Rotary Wind Quintet

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Schloss Dyck in Jüchen, where the Rotary Quintet was premiered

The Rotary Wind Quintet is a chamber-music composition by Karlheinz Stockhausen, the last of his three wind quintets (following Zeitmaße and Adieu) and is Nr. 70½ in his catalogue of works. A performance lasts about 8½ minutes.

History[edit]

The Rotary Quintet was composed in September 1997 on a commission from Henrik Rolf Hanstein, President of the Rotary Club of Cologne-Römerturm, on the occasion of the club's 25th anniversary. It was first performed by musikFabrik (Helen Bledsoe, flute, Peter Veale, oboe, Nina Janßen, clarinet, Jan Babinec, horn, and Alban Wesley, bassoon) on 25 October 1997 at a meeting of the club held at the Schloss Dyck in Jüchen in the Rhein-Kreis Neuss (Stockhausen 1998).

The premiere was sprung by Hanstein as a surprise on the 200 or so club members, who had gathered for a banquet and were already seated when it was announced that, before any food or drinks would be served, a work by Stockhausen composed for the occasion would be performed. The captive audience, few of whom would have attended a Stockhausen concert voluntarily, were pleasantly surprised and gave the piece a standing ovation. Stockhausen then gave a brief explanation about the composition which was played a second time, and once more received in the same fashion (Stephens 1998).

Analysis[edit]

Like the Helicopter String Quartet, The Rotary Wind Quintet is a component of the opera Mittwoch aus Licht (Hollings 1999). It is an adaptation of the concluding part of the "carousel" section of scene 4, Michaelion, for choir, four instrumental soloists, and bass singer. In the opera, this subsection is a vocal "spatial sextet" titled "Menschen hört", and is also the conclusion of the Bassetsu Trio (for trumpet, basset horn, and trombone), which is a module of three melodic strands in the fabric of the carousel section. These strands consist of the three-layered super-formula of Licht, and are rotated vertically four times. At each change of the layers, the musicians also rotate their positions in the performance space (Stephens 1998; Stephens 1999).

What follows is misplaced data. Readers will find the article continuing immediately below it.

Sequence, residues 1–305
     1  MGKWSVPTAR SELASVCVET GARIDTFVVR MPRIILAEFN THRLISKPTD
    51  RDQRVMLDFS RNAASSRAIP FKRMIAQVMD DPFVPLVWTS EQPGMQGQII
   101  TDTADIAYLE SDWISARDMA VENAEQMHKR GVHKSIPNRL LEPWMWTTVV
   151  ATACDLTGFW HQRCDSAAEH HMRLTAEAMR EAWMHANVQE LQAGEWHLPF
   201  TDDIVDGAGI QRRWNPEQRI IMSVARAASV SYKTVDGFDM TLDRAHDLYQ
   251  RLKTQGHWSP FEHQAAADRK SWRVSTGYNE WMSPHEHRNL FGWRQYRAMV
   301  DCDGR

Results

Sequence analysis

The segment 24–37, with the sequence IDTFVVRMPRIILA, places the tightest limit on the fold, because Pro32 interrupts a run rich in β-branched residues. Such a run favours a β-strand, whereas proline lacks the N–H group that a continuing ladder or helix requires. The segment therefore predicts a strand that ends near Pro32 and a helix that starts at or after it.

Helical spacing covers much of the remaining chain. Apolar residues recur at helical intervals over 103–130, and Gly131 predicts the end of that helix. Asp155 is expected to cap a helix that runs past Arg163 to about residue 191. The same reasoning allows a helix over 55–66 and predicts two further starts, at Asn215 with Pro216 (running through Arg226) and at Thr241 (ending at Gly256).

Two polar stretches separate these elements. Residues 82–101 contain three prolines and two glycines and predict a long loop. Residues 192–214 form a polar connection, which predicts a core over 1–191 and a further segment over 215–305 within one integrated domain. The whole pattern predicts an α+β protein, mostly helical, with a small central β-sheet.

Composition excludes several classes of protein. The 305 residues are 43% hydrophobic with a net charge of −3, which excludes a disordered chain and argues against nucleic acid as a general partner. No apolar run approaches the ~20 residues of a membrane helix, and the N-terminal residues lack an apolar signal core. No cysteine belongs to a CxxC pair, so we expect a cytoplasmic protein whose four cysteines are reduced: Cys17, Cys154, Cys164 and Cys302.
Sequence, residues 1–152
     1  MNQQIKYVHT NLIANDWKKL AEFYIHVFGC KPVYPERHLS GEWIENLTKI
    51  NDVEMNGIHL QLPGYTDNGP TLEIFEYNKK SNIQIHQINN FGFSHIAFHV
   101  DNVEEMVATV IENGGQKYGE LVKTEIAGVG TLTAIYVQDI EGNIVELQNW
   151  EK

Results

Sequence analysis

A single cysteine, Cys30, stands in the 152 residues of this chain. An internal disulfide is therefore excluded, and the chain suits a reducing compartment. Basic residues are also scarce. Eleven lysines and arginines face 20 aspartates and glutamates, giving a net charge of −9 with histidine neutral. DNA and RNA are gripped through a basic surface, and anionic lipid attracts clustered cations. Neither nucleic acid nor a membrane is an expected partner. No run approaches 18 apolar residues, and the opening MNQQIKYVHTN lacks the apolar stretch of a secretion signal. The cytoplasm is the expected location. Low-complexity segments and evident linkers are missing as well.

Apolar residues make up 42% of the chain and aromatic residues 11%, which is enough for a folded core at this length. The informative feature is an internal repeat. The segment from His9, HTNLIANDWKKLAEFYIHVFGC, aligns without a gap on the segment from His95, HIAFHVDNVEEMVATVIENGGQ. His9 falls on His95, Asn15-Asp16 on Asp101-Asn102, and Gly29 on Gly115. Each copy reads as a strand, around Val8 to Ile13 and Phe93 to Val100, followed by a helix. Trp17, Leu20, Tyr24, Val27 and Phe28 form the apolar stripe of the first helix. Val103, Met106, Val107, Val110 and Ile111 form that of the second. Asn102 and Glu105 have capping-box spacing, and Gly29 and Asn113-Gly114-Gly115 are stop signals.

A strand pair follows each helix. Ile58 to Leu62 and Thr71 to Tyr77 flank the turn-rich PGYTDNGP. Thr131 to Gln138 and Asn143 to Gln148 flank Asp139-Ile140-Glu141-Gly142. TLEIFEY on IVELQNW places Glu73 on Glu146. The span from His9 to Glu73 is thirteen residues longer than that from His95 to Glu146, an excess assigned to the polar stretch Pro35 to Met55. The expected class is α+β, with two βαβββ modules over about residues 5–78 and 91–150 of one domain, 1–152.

The work is divided into four phases, connected by sustained chords during which the performers change positions in the hall. Each phase presents a different vertical disposition of the three strands of the Licht super-formula. In phase 1, the Michael formula is in the upper voice, the Lucifer formula in the lowest voice, and the Eve formula in between. In phase 2, the Lucifer formula moves to the top, Michael is in the middle, and Eve below. In phase 3, the Eve formula is uppermost, Lucifer in the middle, and Michael below. In phase 4, the three formulas return to their starting positions (Stockhausen 1998). Each phase is a longer and more elaborate version of the formula than its predecessor. The formula closes on a C dominant-seventh chord, and the rotations cause the four phases to cadence on this chord first in root position, then in 4/2 inversion, 6/5 inversion, and finally in root position again (Kohl 2012, 307–308).

References[edit]

  • Hollings, Ken. 1999. "Lost In The Stars: Karlheinz Stockhausen". Wire: Adventures in Sound and Music, no. 184 (June).
  • Kohl, Jerome. 2012. "A Gedenkschrift for Karlheinz Stockhausen: Guest Editor's Introduction". Perspectives of New Music 50, nos. 1 & 2 (Winter–Summer): 306–12.
  • Stephens, Suzanne. 1997. "October 1997 Report From Suzanne Stephens". Stockhausen.org (archive from 4 April 2014, accessed 18 December 2014).
  • Stephens, Suzanne. 1998. " March 1998 Report from Suzanne Stephens". Stockhausen.org (archive from 4 April 2014, accessed 18 December 2014).
  • Stephens, Suzanne. 1999. "Dear Friends and Acquaintances of Stockhausen's Music". Stockhausen.org (archive from 4 April 2014, accessed 18 December 2014).
  • Stockhausen, Karlheinz. 1998. "Allgemeine Einführung"/"General Introduction". In Rotary-Bläserquintett: Version vom Karussell aus Michaelion (Mittwoch aus Licht): 1997 (score), I–II. Kürten: Stockhausen-Verlag. Extract from the score preface. Stockhausen.org (Accessed 6 June 2012).